RM: Not as much in the last two years. Between 2011 and 2013, I was there most of the time. Now, I'm back in Michigan more, but still go there a couple times per year. Amsterdam is my favourite city, and I never feel more at home than I do there (much more than Michigan). I feel like I belong there, and would actually like to relocate there full time. But I still own a home in Michigan, and my family is here, so I feel drawn to Michigan. But when I'm in Michigan, I feel more like a recluse. I'm not in Detroit. I'm about an hour north on Lake Huron, and my favourite part of Michigan is about 400 miles north in the upper peninsula of the state.
I think Michigan is my geographical home and Netherlands is my true home. But again, being near friends and family back in Michigan are important too. I miss 2011-13 when I spent more time in Amsterdam. I was in Amsterdam two weeks ago, and I feel recharged as soon as I get to Amsterdam Centraal and hop on the tram to my apartment. My heart is there for sure.
I was having a read over your bio, which states you had worked with Chris Carter and Cosey Fanni Tutti – can you tell us a bit about this?
RM: It wasn't really a collaboration so much as playing some gigs with them back in my 1980s industrial days. Those times are a blur for me. Too much LSD and sleep deprivation. But their work has always been a inspiration. They are legends. Exotica is in my top five albums of all time.
I have a copy of the picture disc 'Summer Night Versions' 12" and wanted to ask whereabouts the photo was taken – assuming it was taken by you – and the story behind it.
RM: The 'road side' is Ipperwash Road in Lambton Shores, Ontario, Canada. Right at the foot of the road where it ends at Lake Huron. My grandparents owned a home about a half mile from this spot for 30 years, and I spent every summer here from the time I was born through my teen years, and I still go back six or seven times per year. It's one of the most beautiful places I've ever been. It's a mystical area. There's a very weird atmosphere at night (in a good way).
The 'pool side' is the swimming area of a really old, somewhat dilapidated 1950s hotel in Port Huron, Michigan that I was fascinated with for years. It's right at the end of I-94. I like the place because it's a bizarre spot that time forgot. It looks really neglected. I don't think it has much time left. I expect it to be torn down for a strip mall or McDonald's restaurant at some point. There are always odd things happening there. Strange people doing strange things. I photograph it a few times per year. I feel like I'm in the Twilight Zone whenever I go there. A feeling that I particularly like. I hunt for places that make me feel like that. It's a very David Lynch kind of place. Sometimes my safety even feels a little threatened there – that's really exciting. I knew a guy who was a police officer in the area, and he would tell me stories about weird things that happened there. At one point, I was so intrigued by the place, that I rented a room for two weeks and stayed there to absorb the ambience. It was surreal.
With Peter Ford
More generally, what inspires you in terms of photography? Do you think there's a specific style you look for when taking pictures for Deepchord releases?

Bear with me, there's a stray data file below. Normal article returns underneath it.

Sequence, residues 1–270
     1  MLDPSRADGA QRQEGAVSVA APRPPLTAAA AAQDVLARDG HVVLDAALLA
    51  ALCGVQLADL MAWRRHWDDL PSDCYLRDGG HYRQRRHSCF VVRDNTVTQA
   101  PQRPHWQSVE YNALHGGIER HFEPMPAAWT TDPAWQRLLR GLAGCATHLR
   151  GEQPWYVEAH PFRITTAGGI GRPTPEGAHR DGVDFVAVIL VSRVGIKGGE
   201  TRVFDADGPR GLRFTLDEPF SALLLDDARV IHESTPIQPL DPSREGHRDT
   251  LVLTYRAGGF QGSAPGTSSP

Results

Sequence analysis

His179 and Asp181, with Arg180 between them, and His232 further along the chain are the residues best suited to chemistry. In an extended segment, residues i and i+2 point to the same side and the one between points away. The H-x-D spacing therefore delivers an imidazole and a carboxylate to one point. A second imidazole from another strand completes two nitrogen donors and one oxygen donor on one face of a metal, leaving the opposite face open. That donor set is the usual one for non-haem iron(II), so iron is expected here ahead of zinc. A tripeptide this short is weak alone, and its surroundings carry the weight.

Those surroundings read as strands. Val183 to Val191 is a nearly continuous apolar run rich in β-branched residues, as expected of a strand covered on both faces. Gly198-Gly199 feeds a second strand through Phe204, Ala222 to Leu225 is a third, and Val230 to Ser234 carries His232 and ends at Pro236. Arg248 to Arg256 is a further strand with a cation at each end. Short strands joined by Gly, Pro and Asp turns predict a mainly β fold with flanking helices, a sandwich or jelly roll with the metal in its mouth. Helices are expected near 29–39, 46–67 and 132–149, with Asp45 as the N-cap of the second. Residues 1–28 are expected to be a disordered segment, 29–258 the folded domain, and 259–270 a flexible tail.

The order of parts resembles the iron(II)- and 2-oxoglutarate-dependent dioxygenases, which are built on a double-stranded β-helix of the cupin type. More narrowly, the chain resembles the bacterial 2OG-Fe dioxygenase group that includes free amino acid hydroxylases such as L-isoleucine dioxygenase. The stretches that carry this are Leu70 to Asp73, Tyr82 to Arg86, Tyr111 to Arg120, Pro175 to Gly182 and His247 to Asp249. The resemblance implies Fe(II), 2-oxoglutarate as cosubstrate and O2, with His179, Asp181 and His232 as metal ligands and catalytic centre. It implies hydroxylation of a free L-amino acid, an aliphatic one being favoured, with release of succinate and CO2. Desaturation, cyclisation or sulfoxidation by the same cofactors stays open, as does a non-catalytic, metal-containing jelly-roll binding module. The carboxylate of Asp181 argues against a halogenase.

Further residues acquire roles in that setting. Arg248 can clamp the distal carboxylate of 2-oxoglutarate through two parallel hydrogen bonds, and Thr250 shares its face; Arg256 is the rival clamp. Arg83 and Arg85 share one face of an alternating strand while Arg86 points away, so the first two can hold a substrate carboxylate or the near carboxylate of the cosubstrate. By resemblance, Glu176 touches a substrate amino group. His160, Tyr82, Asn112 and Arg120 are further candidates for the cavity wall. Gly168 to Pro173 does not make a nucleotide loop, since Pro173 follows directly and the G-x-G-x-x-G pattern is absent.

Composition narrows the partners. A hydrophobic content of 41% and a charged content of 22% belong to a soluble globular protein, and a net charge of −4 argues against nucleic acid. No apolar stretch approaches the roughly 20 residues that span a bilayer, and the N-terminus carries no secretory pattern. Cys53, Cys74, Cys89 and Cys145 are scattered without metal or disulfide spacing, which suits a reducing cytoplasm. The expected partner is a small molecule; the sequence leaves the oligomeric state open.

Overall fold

RM: I guess I never really photograph specifically for a Deepchord release. When I come out with a project, I search for photos that support the feeling of the music. My photos are a lot like my music. They are mostly done at night, and – to me – feel like there's more going on than meets the eye. I think it's like this with my music also. There are layers on top of layers, and sometimes you don't really hear everything until after a few passes. I look for surreal places. They're photos that take the viewer to some weird spot that they probably wouldn't go to alone. I like places that are a little creepy.
Finally, what's next for yourself? Any more projects in the works?
RM: Absolutely. I seem to work on music at a steady pace of a couple songs per month. Those get filed and resurface at some point. I've been working on a project with two friends, Christopher McNamara and Walter Wasacz, called Shorelights. It's more of an audiovisual project. Chris teaches film-making at the University of Michigan and does live video mixing. It's music and visuals inspired by the elements, and mostly the Great Lakes.
I see my work going more and more in this direction as I get older. I feel less connected to the techno world, and more to this art-centric scene. I'm focusing more on installation work rather than dancefloor stuff. Sound and video for unconventional spaces... maybe where people can lay down and close their eyes during a 'show'. Techno has always been a host organism for what I do. I don't really feel like I make techno, or dub for that matter. But people who enjoy those genres have taken me in and adopted me as part of their scene. Back in the '80s, when I was doing 'performances' with a shortwave radio and six guitar pedals, the newly blossoming techno crowd heard what I was doing and said... "That's pretty cool, you wanna play a chill-out area at our next event?" Seems like that's what's still happening today. Thankfully, techno people are open minded, intelligent souls looking for interesting art. They adopted me and I'm happy to be a part of their community.
Ultraviolet Music is out now on Soma Quality Recordings